Russia has managed to wrench investors away from the world’s best currency trade without denting demand for its bonds.
While the central bank halted the ruble’s advance on Thursday by purchasing foreign currency for the first time since moving to a free-floating exchange rate in November, the government’s local debt extended the biggest gains in emerging markets this year.
The rally underscores bondholder confidence that the recovery in oil prices and reduced tension in Ukraine will enable Bank of Russia governor Elvira Nabiullina to reverse last year’s emergency interest-rate increase without stoking inflation. The ruble has strengthened 21 percent against the dollar this year, more than twice as much as any other currency.
“The central bank still has room to cut rates as long as the ruble behaves itself,” said Edwin Gutierrez, who helps oversee $13 billion at Aberdeen Asset Management Plc in London. Purchases of Russia’s so-called OFZs late last year and in the first quarter of 2015 helped Gutierrez’s Aberdeen Emerging Markets Debt Local Currency Fund outperform 70 percent of its peers this year. The ruble intervention isn’t a reason to exit from bonds, he said by e-mail Thursday.
The government’s 2027 ruble bond gained for a second day on Thursday. Its yield has plunged 2.7 percentage points in 2015, the biggest decline among 25 emerging-market nations’ securities tracked by Bloomberg.
After lifting interest rates 650 percentage points in December to stave off a plunge in the ruble, Nabiullina reduced the key rate three times totaling 450 basis points this year to 12.5 percent. The Bank of Russia stands ready to continue lowering the rate as inflation risks abate, policy makers said on April 30, the last time it enacted a cut.
Traders are expecting a 1 percentage-point rate reduction in the next three months. Still, that’s less than the 1.5 point reduction they’d anticipated earlier this month, according to prices for three-month forward rate agreements.
The currency weakened as much as 2.7 percent to 50.6370 per dollar on Thursday as the Bank of Russia said it would buy $100 million to $200 million a day in the market to replenish its cash pile, which tumbled to as low as $351 billion in April, the lowest since at least 2008. The ruble strengthened 1.4 percent at 2:55 p.m. in New York on Friday.
The reserves started falling in July last year as policy makers sought to defend a currency weighed down by a rout in the price of oil and U.S. and European sanctions over the conflict in Ukraine. Russia spent almost $90 billion on interventions in 2014 before abandoning its managed exchange-rate policy in November.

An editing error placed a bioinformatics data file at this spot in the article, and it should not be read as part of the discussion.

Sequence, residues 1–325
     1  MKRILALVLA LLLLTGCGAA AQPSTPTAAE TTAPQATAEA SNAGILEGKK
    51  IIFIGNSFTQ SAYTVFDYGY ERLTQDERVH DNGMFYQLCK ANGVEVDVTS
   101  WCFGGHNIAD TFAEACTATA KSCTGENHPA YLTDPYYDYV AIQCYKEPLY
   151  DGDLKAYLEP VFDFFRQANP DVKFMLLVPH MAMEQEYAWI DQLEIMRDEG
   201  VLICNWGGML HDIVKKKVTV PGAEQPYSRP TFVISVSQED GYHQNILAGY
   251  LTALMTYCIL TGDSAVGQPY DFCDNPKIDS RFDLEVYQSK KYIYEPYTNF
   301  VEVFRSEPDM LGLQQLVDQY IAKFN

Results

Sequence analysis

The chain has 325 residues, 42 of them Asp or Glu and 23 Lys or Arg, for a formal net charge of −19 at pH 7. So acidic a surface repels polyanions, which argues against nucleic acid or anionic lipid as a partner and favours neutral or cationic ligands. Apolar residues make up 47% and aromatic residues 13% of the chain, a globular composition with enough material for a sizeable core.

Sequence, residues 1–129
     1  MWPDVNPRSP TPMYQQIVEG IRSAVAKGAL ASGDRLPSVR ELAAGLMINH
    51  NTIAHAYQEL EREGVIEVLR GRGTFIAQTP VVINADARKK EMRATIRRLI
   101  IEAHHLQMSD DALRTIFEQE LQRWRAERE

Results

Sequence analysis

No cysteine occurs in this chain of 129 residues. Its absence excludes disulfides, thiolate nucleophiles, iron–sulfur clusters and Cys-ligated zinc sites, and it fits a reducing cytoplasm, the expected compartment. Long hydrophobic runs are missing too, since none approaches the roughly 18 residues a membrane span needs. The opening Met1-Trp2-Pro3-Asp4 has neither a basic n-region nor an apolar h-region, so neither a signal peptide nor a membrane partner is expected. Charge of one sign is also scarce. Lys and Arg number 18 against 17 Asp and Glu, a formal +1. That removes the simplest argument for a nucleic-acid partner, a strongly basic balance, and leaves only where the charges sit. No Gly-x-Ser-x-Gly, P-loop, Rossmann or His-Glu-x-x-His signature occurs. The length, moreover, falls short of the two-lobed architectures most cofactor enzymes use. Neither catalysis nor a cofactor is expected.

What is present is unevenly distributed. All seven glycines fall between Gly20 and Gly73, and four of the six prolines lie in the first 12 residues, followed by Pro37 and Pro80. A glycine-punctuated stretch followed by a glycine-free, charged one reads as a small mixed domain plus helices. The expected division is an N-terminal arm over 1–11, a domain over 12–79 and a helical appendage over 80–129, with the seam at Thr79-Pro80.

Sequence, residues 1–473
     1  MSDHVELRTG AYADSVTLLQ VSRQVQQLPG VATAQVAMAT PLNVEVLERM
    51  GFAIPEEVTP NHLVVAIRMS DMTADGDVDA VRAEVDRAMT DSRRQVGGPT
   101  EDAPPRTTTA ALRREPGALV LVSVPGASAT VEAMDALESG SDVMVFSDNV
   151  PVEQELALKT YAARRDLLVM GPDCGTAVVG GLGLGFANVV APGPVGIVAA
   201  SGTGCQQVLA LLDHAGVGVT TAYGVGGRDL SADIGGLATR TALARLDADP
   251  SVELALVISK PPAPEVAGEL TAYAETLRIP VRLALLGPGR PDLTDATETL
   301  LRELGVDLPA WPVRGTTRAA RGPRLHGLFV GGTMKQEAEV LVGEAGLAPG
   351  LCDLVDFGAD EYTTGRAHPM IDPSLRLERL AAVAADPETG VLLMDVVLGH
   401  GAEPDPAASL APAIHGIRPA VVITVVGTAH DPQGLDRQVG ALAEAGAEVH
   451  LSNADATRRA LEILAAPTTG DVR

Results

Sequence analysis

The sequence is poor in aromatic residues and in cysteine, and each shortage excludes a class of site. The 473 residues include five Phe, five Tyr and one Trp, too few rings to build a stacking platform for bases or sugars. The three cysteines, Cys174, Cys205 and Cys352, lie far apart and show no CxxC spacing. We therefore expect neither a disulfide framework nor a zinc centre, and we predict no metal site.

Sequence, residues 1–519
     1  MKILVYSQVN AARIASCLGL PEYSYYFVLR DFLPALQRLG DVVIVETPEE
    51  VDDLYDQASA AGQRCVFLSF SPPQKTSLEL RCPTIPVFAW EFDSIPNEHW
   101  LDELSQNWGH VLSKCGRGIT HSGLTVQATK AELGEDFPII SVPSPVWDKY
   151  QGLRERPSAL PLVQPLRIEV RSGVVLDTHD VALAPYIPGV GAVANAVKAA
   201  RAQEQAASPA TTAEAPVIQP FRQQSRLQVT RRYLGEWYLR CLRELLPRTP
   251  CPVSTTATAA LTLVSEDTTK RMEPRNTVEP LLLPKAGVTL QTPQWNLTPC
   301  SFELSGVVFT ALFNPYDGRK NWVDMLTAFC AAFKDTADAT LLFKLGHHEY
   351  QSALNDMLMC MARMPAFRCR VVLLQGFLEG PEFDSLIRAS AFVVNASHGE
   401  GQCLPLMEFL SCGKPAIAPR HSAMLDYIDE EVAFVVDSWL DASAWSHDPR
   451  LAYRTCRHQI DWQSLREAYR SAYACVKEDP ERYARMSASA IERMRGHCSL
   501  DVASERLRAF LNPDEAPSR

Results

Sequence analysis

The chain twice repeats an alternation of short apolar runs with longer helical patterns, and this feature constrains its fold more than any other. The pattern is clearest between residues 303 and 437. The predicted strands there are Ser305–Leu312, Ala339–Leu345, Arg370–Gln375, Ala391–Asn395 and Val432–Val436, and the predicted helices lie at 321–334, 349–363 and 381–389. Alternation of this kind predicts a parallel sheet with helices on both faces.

For Barclays Plc and HSBC Holdings Plc, the rally in Russia’s local-currency bonds is driven by technical factors rather than fundamental reasons and will probably to reverse. Valuations are “broadly unattractive” and don’t reflect inflation and credit risks, HSBC’s Di Luo said in a note on May 7.
“Foreign exchange volatility is strikingly higher than in other high-yielding EM peers,” Luo, a London-based fixed-income strategist at HSBC, said. “We see little value in chasing Russian yields lower.”
While the rally in the ruble has eased inflationary pressure, it’s also curtailed export earnings in local-currency terms as analysts project the budget deficit widened to 1 trillion rubles ($20 billion) in the first four months. The ruble’s three-month implied volatility, which reflects expectations for currency swings, was the highest in the world as of Thursday, according to data compiled by Bloomberg, raising the cost of hedging and making price moves harder to forecast.
Russian inflation ended an eight-month climb in April, decelerating for the first time since July. Year-over-year growth in consumer prices will probably slow to 5 percent in the next 18 months from the current level of 16.4 percent, Bank of America Corp. strategist David Hauner said in a research note on May 14. The decrease in inflation makes him bullish on Russia’s OFZ bonds longer term, he said.
The slowdown in inflation and the gains in the ruble will allow for more easing of monetary policy, reviving economic growth and benefiting investors, according to James Barrineau, co-head of emerging-market debt relative at Schroder Investment Management. He forecasts a reduction in borrowing costs of as much as 400 basis points before the end of this year if consumer prices keep falling.
“Yields are still in the low double digits, where else can you get these yields?” Barrineau said in an interview on May 6 in New York. “If you own local currency bonds, you can anticipate a fairly aggressive rate-cutting cycle from the central bank, so it’s still an attractive investment, still worth holding.”